How big is the market for a jacked-up car-based that has a steeper, less practical shape? Not very, apparently.
Sales of what Automotive News and others call "crossover coupes" have fallen off of a cliff. These are models such as the unfortunate looking BMW X6, hideous Honda Crosstour and completely unsellable Acura ZDX, among others. Part of the problem might be looks of these hatchbacks with massive tires and cladding. The other problems might come from the fact few can see the purpose of these crossovers over things that really look like SUVs.
When the Honda Crosstour was launched in 2009, Honda wanted to sell 40,000 of the Accord-derived all-wheel drive hatch per year. This year, despite a facelift, they'll be lucky to shift 15,000 of them. Sales of the X6 are off just about 10% so far in 2013, but it's unlikely to hit the 5,000 mark. Acura is already killing off the ZDX after four excruciating model years and despite making it less ugly for 2013, sales are down by almost half through September, at just 306 cars sold.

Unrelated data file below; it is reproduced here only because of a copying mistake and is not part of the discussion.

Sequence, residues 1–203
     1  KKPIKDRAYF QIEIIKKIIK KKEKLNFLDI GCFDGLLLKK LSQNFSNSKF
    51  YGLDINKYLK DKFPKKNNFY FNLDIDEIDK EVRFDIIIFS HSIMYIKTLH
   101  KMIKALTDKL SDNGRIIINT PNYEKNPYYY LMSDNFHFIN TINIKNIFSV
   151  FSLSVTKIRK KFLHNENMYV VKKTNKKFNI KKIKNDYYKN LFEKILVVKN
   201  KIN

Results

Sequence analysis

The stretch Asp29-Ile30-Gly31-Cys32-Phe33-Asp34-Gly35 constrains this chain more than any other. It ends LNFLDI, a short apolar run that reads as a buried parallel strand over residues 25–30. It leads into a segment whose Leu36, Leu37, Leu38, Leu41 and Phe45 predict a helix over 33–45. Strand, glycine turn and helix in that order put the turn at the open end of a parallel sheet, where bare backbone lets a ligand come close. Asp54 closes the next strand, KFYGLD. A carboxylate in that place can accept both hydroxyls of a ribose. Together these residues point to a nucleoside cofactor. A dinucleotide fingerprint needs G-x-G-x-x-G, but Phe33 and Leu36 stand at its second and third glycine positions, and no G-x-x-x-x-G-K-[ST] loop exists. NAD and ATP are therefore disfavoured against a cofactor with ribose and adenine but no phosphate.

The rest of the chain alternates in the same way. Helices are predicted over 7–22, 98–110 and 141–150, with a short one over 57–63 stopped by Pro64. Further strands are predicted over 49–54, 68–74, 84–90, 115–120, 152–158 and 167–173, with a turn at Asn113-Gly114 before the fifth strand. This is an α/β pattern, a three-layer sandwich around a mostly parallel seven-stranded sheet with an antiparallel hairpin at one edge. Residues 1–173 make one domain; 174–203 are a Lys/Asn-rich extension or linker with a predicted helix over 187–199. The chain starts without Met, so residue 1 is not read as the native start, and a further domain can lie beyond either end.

Auto News' Mark Rechtin reported the impracticalities designed in these more wildly styled vehicles – bad visibility and access, less cargo room that cheaper, more practical rivals – has all contributed to them gathering dust on dealers lots.
What this points to is that, while some of these models are in the middle or near the end of their life cycles, clearly demand has been low or completely fallen off of a cliff once everyone who wanted one bought one. The number of people who want something like an SUV but with a faster roofline and much less space inside is apparently small.
This, however, isn't stopping more from coming along. BMW's already planning an X4, an X3 with less space. Mercedes is going to make an M-Class with a funny hat, and charge more for it. God knows what Mini has planned beyond the Paceman.
Will people who bought stuff like the Crosstour and X6 want another one in the future or are we nearing the end of the fad?
Photos: BMW, Honda